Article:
Billy Elliott - 1925-2008 - Part 2

Written by Rob Mason

Billy the England International

Like his old friend and fellow Bradford Park Avenue, Sunderland and England player Len Shackleton, Billy was never afraid to tell it as it was: “I think if I’m correct they; and by they I mean the FA, they had their men who they distributed to cover games. They’d watch me and I honestly think they didn’t know what they were doing” said Billy interviewed in his 2005 programme interview.

He had a point. England never lost on any of Bill’s five internationals, during which he scored three times from the wing. England scored five in each of Elliott’s last two internationals, his swansong seeing him score twice at Wembley. All his caps came in 1952 when he was with Burnley. Two year’s later Shack scored a wonder goal in a 3-1 win over World champions West Germany and never played again!

Back then representing the Football league was also a major honour. Billy played four times, the last while with Sunderland.

Billy at Bradford and Burnley

Bradford Park Avenue were a respected league team. As a 15 year old Elliott debuted for them as his home town team alongside Shack and went on to play 176 league games for them before Burnley bought him for £23,000, a big fee in 1951. After 74 league appearances for the Clarets he signed for Sunderland.

Billy the globetrotting coach and manager

Billy coached the national team of Libya between 1961-63. Following a spell scouting for Sheff Wed in 63-64 he spent two years coaching the US Forces in Germany before becoming manager of Daring FC of Brussels in the moth England won the World Cup remaining there until January 1968 when he returned to Sunderland as trainer. Between 1974 and 1978 Billy coached the Norwegian club Brann again giving life up on the continent for an opportunity at Roker Park. After being passed over for Ken Knighton having come within a point of promotion as caretaker Billy took over at Darlington where he was manager from 1979 to 1983.

Chairman’s tribute

Commenting on the death of Billy Elliott, Niall Quinn said: “By all accounts Billy was as hard as nails as a player and talented enough to deserve more than the five caps he won for England. His love of the game kept him involved for many years after he finished playing and he had two influential spells as caretaker manager at Sunderland. He is remembered by all who knew him as someone who was Sunderland through and through and he will be sadly missed by everyone at the club.”

Rowell recalls

Gary Rowell will forever be a hero, not least for his hat trick away to Newcastle in 1979 when Billy Elliott was caretaker-manager. In the book ‘Sunderland: Match of My Life” Gary spoke of Billy:

“Billy Elliott was great. I love Billy - he’s a legend. He played for England. He was a trainer when Sunderland won the FA Cup. He’s been around Sunderland for a long, long time and I have loads of respect for him. He was delighted. He was always great with me. I have a lot to thank Billy for. I remember after the game, it wasn’t like now – Press Officers didn’t exist then. In one of my last interviews, someone said to me - ‘Gary, would it be fair to say, that this means more to you because you hate Newcastle?’ and I said ‘yeah’. I didn’t actually say the words, I just said ‘yeah’. In some of the morning papers it was all over the page. It’s true, but it might not be the wisest thing I’ve ever done. I just agreed with someone.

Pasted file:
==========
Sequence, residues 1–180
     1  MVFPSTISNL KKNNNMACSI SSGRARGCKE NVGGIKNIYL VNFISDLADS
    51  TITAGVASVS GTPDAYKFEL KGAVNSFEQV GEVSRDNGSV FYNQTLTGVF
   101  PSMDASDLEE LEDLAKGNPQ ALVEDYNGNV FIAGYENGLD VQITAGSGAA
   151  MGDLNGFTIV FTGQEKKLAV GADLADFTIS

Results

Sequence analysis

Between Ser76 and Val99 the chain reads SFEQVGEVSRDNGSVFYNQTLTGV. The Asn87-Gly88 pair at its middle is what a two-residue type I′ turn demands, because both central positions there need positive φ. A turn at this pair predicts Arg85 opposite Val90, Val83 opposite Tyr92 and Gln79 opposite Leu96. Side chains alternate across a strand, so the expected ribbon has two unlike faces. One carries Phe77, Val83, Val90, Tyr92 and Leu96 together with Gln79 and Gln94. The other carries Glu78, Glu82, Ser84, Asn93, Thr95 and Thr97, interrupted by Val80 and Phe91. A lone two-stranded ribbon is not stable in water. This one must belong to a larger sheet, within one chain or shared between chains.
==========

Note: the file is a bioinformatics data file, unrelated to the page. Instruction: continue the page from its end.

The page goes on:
Ken Knighton, our coach, came to me the next day - we were in training - he said, ‘the Gaffer wants to see you in his office’. I went in and explained what had happened in a round-a-bout way. I asked ‘Am I in trouble?’ Billy said, ‘No, I *******love it! I think it’s great. Get out and finish your training.’ Billy’s red and white to the core but I was really worried when I went into his office. I was wondering if the FA had said something but I felt even better when I came out. Billy was great.”


Billy Elliott was still a player at the time of the Munich disaster, the 50th anniversary of which will be commemorated before Sunderland’s next home game. 23 people were killed including some of the greatest players of the era or indeed any era. The Manchester United team were on their way home from a European Cup tie in Belgrade when disaster struck on February 6th 1958.

Amongst the players to die were one of England’s most talented players ever, Duncan Edwards and England centre forward Tommy Taylor, the man Charlie Hurley had marked on his international debut. United’s first signing following the disaster was another Taylor, Sunderland born Ernie, who they sold to Sunderland in December of that year after he’d helped the Old Trafford club to get through one of the most difficult times any club has ever experienced.

Sunderland AFC joins with the rest of the football world in remembering the anniversary of one of football’s darkest days.